The League of Evil Exes
The exes are a good variety, with the personas mostly consistent with the books. Matthew Patel is exactly the same as his print version, not surprising since the entire story to that point is a slightly truncated copy of the first book. But skateboarder/action star Lucas Lee (Chris Evans) is much different from his character in the book, who wasn't even evil, just a sellout. Parenthood's Mae Whitman is good-but-not-great as the fourth evil ex, the lesbian half-ninja Roxy Richter. But the true standout of the exes is Brandon "Superman" Routh as Todd Ingram, rock star bassist, third evil ex, and the current boyfriend of Envy Adams, Scott's ex-girlfriend. Routh manages to convey humor in silent delivery. Never mind that the lines aren't ad-libbed (they appear exactly the same in the third volume) his delivery is perfect and who knew Routh could actually ACT?? His was a pleasant surprise, easily the best part of the movie. Too bad it was squarely in the middle, as Jason Schwartzman, while seemingly cast as the penultimate evil ex-boyfriend, doesn't stack up as a main villain as he should. Even worse, the Katayanagi twins, evil exes 5 and 6, are turned from robot-building geniuses into a pair of anonymous pop stars, with not a single line of dialogue between them. The castration of their roles was not only a side-effect of the movie entering production before the comic was finished, but apparently the lack of interest the filmmakers had in new evil characters by this point and rushed through them to get to Schwartzman. In fact, from about halfway through the Roxy Richter story onward, the movie feels a little forced. A shame that such potentially interesting characters are tossed aside like garbage.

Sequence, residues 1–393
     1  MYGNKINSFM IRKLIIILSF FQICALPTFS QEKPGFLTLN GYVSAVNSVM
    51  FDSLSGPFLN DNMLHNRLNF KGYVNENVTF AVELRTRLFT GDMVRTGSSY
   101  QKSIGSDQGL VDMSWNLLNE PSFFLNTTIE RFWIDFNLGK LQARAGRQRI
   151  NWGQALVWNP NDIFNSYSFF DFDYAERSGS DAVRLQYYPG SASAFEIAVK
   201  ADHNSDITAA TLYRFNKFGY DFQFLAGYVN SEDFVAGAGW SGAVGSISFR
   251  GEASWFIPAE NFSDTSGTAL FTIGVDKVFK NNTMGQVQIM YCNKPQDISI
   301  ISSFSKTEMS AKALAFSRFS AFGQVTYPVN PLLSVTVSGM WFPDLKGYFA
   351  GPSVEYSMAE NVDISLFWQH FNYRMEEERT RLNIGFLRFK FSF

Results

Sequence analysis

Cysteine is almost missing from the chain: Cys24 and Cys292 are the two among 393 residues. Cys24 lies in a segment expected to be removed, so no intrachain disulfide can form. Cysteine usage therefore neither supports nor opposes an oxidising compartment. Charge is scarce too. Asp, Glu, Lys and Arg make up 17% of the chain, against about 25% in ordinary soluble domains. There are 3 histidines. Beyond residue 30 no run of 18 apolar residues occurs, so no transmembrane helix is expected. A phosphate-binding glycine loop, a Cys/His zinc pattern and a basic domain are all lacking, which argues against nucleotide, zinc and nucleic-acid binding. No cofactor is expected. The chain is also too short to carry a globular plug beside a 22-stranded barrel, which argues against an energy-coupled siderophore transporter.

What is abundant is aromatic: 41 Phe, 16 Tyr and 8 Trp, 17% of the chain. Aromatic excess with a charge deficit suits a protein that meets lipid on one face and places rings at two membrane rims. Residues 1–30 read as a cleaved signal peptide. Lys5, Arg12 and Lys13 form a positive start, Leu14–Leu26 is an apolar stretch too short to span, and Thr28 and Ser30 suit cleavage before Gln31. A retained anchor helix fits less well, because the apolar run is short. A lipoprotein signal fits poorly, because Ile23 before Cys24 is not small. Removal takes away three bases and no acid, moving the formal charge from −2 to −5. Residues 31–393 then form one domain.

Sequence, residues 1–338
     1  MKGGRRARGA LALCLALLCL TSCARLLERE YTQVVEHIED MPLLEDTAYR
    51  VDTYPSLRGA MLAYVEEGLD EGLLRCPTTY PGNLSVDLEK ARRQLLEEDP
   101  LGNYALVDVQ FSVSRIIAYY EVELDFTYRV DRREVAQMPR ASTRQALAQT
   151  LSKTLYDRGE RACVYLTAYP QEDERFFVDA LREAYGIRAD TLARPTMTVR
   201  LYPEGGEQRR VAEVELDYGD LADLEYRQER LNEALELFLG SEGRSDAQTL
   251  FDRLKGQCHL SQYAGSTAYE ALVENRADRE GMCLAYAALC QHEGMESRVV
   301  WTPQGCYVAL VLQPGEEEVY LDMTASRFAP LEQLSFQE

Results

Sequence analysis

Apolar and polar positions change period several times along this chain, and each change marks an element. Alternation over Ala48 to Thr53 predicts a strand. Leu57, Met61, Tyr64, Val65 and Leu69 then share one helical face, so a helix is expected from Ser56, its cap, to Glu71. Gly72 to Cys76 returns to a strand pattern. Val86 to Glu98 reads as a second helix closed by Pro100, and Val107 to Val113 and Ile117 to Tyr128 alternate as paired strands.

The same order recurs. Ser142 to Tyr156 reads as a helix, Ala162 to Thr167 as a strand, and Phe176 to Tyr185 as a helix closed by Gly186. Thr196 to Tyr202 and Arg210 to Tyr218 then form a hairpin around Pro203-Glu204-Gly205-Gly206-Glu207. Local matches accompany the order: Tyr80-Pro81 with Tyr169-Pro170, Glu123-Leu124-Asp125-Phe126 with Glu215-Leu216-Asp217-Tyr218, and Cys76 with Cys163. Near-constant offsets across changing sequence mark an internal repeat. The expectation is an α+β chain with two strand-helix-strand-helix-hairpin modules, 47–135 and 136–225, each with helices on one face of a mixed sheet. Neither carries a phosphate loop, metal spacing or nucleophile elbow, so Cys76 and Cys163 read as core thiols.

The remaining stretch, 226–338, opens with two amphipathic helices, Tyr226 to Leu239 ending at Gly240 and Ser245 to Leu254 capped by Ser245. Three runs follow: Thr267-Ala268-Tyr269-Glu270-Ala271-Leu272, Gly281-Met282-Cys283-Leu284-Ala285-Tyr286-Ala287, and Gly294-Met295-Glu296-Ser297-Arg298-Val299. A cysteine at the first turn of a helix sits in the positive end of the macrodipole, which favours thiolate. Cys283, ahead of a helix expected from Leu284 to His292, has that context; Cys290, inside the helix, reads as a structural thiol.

Brandon Routh shows off his vegan psychic powers